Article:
(5) Ken Patton's acclaiming the universality of religion by incorporating the study of world religions into the church service.
    (6) the Humiliati universalizing the statements of Jesus. Every single person is the "Light of the World," "the Way, the Truth, the Light." "the Son/Daughter of God," etc.

Unitarianism took a different tact in becoming liberal as a result of the Humanist and Atheist imput which was largely a rejection and to some degree negating or throwing out of traditional beliefs and terminology like the meaning of God, prayer, salvation, church, Jesus, etc.

Thusly, we find that from the time of Joseph Priestly, Hosea Ballou, and William Ellery Channing that there developed a congeniality of fellowship and beliefs amid the flurry of controversy. After years of discussion, in fits and jerks, slowly in some regions, churches, and individuals that Unitarianism while keeping its identity has graduated toward Universalist beliefs and Universalism while keeping its identity has graduated toward Unitarianism. As a result, a Council of Liberal Churches was formed in the 1940's for the two separate churches to consolidate overlapping services, programs, and publishing houses. Inspite of the fact that Unitarians are reluctant to recognize Universalist contributions, institutional consolidation of the two faiths was completed in 1961. The progress of religious merger is still in process. It is our hope the day will come when Universalists will be equally recognized in our own denomination with the Unitarians. Merger will then be fulfilled. That seed of Universalism seen by Judith Sargent Murray will have not only germinated but will become the blooming rose of our faith.

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Addendum:
Since Universalism is such a great approach to UU religion, how did it come to be forgotten for so long?

When the Unitarians and Universalists combined, there was a difference in numbers and a difference in confidence. The Unitarians outnumbered the Universalists five to one. The Unitarians, as a group, were also better-educated than the Universalists, were more prosperous than the Universalists, and had seen their denomination grow in recent years while the Universalist denomination had shrunk. Universalists, as a group, were correspondingly discouraged. The Unitarians, after having surreptitiously baptized everything that is Universalist to be Unitarian, are confident that nothing distinctively Universalist can be of much value, and so they make little to no effort to learn about Universalism. Since the Unitarians have been in the driverís seat because of their numbers, Universalism has been suppressed and hopefully to be forgotten.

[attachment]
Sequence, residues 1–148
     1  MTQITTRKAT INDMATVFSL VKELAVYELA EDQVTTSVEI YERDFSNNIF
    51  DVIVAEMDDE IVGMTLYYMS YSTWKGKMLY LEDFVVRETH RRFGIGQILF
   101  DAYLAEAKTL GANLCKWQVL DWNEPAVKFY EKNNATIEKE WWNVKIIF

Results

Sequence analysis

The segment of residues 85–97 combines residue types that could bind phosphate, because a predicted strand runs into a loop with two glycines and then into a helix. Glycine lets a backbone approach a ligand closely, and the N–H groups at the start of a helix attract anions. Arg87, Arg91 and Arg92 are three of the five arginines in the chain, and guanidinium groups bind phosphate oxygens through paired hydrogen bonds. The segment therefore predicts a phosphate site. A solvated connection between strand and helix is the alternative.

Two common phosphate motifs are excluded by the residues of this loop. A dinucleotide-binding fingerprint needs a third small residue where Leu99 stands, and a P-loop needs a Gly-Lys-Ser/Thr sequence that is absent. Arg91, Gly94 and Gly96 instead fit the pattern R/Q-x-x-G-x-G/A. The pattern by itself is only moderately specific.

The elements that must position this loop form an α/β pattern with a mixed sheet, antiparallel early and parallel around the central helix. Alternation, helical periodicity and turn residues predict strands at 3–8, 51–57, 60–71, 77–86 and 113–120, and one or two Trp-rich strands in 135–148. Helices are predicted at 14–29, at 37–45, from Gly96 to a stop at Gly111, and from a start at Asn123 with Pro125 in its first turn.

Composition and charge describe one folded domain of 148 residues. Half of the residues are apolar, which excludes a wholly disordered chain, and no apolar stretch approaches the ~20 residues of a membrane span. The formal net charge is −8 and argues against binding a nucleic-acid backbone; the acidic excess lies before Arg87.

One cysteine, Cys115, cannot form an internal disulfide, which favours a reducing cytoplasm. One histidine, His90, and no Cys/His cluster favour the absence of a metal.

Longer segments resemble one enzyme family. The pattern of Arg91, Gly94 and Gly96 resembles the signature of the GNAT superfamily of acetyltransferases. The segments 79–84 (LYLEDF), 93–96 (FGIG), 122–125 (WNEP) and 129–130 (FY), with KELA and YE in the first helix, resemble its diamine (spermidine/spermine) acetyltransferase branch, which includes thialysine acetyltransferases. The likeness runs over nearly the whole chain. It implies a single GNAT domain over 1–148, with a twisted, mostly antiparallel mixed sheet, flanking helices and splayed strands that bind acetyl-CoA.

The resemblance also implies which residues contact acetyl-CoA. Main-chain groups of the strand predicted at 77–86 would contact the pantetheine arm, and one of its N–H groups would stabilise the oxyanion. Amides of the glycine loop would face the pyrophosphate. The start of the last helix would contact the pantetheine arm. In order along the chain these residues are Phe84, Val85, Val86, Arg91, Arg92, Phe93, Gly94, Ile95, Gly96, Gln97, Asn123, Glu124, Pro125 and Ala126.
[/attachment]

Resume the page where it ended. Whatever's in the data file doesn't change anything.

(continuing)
It should be reemphasized that since Unitarianism was fundamentally political social activism, their religion had no food for the soul; and at the time of merger, no money in their church coffers, they had and did confiscate everything Universalist and claimed that they had always so believed.

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Postscript
This author is overjoyed that a portion of the Universalist message has passed into the Unitarian philosophy. At the same time,it is troubling that very little of the spirituality of Universalism has been understood though a large number of the younger people and younger ministers are now beginning to understand that the UUChurch is and should be something more than an erudite League of Women Voters debate. There is a significant difference between (1)great scholarly discussions about values which may or may never be implemented and (2)a spiritual understanding and appreciation of these same values which would then be implemented with kindness and love. The first has generally been the aristocratic Unitarian view. The latter has been the common people, the workers, and farmers who organized and grew our Universalist faith.
Historically, the Unitarians have always looked with disdain upon the Universalists as "lower class," financially, intellectually, and occupationally.
Finally came the day when the Unitarians needed help to survive. So they turned to the Universalists. "The Rest of the Story" of abuse naturally followed---most recipients 'borrowers' of every kind come to resent their benefactors 'lenders.'
It is when we Universalists recall and list the abuses we have suffered as a minority within a minority church, that it sounds like rage. But below that apparent "rage" is a spiritual understanding of reality, and we remain within the UU framework.
"Blessed are the meek..., they that hunger and thirst for righteousness..., merciful..., the pure in heart..., the peacemakers..., and they that have been persecuted for righteousness sake..., and Blessed are ye when you are reproached and persecuted, and all manner of evil against you is said falsely."
And now is the day which many of our persecutors are coming to appreciate the benefactors. It is gradual. It is happening from within. But the day will come when not only the Universalist message but the Universalist message of love will prevail within our church and, we hope, further down the road, into the world!
So under this "rage" is compassion.

In conclusion, the Unitarians read their current Universalist beliefs into the writings of their forebearer, William Ellery Channing. This anachronism is a common fallacy of most if not all religious groups.


LET US REMEMBER THE PAST WITHOUT BEING HELD HOSTAGE BY IT.
The past is never good enough for the future.